During the nearly six months of the pandemic, there are more questions than answers about the virus. Nobody really knows how many Indians have been infected with the new Coronavirus and how many have died.
Perhaps we will not even know, because many people are without symptoms and the death registration system is not well in all the states of the country. No one can officially guess when we will be able to use the corona vaccine.
An issue amidst all this uncertainty, which concerns us, is the state of our infection control strategies. How effective are they? One question that bothers me a lot is the quality issue. We all know that in the beginning of the epidemic, like other countries, India also used to seek Personal Protective Equipment (PPE) from abroad.
Domestic PPE manufacturing began around February. Prime Minister Narendra Modi recently told us that India has now become the second-largest manufacturer of PPE. Within six months more than 1,200 companies are making PPE kits and more than three lakh N-95 masks are made every day. This is good news, but is the constant focus on quantity preventing us from focusing on quality?
This epidemic has given rise to cottage industries of PPE, hand sanitizer, mask etc. People with no connection to medical supplies took this as an opportunity and started making protective equipment. And now there is a flood of indigenous PPE kits. Many of them are not selling and their prices have come down.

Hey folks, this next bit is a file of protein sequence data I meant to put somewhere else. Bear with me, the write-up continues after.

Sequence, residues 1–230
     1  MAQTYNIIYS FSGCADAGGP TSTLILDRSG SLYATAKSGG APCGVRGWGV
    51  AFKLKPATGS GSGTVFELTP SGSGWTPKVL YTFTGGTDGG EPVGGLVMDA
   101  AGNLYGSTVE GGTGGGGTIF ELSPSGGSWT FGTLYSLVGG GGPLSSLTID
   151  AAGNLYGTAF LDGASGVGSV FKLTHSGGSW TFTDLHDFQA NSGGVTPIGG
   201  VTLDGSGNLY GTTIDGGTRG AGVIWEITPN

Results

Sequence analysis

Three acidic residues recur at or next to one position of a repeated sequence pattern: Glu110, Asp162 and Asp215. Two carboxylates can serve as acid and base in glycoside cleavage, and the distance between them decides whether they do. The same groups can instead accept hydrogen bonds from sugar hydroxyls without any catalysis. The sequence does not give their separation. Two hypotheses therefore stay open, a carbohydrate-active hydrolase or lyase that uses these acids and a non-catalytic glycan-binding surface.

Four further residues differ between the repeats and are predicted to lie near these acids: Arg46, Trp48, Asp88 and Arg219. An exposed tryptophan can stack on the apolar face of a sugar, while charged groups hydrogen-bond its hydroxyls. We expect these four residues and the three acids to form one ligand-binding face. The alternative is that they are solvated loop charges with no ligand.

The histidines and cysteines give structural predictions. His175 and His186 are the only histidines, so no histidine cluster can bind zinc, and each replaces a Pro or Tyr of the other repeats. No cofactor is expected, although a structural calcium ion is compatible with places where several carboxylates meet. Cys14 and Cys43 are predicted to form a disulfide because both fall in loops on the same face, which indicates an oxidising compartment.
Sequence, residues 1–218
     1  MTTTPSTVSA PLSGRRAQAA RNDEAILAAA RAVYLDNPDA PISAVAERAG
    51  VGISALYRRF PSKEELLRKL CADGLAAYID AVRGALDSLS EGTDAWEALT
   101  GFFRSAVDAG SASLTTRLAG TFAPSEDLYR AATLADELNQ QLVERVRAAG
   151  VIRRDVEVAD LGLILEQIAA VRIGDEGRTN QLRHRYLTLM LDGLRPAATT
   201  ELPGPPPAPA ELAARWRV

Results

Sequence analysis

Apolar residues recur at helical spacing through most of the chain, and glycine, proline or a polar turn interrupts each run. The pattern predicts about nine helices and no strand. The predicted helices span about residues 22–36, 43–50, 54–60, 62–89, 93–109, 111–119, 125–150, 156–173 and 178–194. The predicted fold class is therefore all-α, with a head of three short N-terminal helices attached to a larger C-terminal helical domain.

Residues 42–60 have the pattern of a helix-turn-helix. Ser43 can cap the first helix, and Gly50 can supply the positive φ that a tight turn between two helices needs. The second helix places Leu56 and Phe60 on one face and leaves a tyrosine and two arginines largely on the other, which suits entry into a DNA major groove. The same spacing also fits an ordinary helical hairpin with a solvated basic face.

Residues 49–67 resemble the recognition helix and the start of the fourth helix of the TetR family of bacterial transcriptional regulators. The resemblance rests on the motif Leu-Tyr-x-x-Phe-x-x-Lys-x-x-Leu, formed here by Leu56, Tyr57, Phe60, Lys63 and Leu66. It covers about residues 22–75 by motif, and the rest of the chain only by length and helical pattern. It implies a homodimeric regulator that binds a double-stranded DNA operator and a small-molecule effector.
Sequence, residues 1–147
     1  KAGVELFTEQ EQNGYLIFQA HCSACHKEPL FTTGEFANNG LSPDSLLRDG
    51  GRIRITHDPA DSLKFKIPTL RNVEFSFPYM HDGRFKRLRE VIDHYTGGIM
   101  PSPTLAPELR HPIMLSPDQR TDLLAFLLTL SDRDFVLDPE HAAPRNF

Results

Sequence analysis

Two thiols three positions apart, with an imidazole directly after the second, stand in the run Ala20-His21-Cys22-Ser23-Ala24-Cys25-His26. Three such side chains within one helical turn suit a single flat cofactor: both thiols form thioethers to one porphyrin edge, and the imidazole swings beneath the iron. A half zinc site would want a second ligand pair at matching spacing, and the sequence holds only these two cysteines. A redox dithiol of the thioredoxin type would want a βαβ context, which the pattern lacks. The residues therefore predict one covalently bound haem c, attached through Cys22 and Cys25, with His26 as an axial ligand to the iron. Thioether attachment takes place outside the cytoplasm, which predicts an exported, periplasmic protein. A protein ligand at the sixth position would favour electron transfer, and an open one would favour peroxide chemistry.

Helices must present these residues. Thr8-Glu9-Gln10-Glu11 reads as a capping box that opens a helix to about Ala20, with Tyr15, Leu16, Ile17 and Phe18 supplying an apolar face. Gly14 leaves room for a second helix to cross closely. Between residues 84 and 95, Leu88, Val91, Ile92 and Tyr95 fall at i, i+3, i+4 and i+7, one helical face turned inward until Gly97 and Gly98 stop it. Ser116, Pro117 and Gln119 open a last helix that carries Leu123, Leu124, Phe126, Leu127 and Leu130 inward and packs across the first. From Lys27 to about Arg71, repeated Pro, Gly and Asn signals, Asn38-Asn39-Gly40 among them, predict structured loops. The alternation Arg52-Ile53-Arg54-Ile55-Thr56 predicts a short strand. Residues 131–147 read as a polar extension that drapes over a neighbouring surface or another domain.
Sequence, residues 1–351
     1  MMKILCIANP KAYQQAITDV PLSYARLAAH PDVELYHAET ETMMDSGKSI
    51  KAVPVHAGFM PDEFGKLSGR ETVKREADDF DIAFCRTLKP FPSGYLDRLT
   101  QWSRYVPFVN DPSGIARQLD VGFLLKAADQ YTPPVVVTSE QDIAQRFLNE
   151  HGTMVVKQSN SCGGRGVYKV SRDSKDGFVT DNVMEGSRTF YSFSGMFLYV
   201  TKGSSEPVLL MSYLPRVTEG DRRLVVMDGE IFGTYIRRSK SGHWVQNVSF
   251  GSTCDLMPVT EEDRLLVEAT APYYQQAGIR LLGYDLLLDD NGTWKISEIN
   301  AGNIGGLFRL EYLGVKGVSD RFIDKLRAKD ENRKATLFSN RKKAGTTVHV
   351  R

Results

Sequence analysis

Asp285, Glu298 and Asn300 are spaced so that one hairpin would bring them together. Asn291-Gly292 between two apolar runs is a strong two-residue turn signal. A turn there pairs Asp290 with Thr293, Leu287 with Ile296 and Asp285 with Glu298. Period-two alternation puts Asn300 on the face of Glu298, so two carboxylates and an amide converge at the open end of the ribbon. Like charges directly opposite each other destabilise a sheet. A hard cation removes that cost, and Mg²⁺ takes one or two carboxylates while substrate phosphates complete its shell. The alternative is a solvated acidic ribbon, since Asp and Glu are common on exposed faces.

Talking to people in this industry, it became clear that quality is a serious issue in the PPE market. There has been a flood of complaints about substandard PPE, sanitizers, gloves, etc., raising concerns about the impact on the country's public health responses to infection control strategies.
According to the United Nurses Association, as of June 30, more than a thousand nurses were infected in Delhi alone. The general secretary of the association said that things are improving and hospitals are making sure that their health workers are properly protected.
Most worrying is that once-in-use PPE kits are used multiple times. The World Health Organization permits multiple uses of PPE after intensive refinement only as a last resort when PPE is unavailable.
The root of all these problems is the lack of mandatory standards. The Central Drugs Standard Control Organization has not defined any classification of PPE kits for medical use, says Dr. Sanjeev Rehan, chairman of the Preventive Wear Manufacturers Association of India. Under the medical device regulations, it is not possible to understand the regulatory requirements applicable to the industry without classification.
After meetings between the industry and the government, things have started improving a bit. Rehan says that the National Standards Society of India Bureau of Indian Standards (BIS) was already working towards creating a standard for PPE, which would be in line with the global standard. A large number of PPE manufacturers fall in the small, micro and medium industries (MSME) sector. They need cooperation to upgrade their technology and infrastructure.
The MSME Ministry and the State Governments should support them so that they meet the global standards. This is not charitable work. PPE manufacturers wishing to exploit the global market need to meet global standards to be able to export successfully. And without the safety of our doctors and health workers, our infection control strategy will not work. We have our own security in their security only.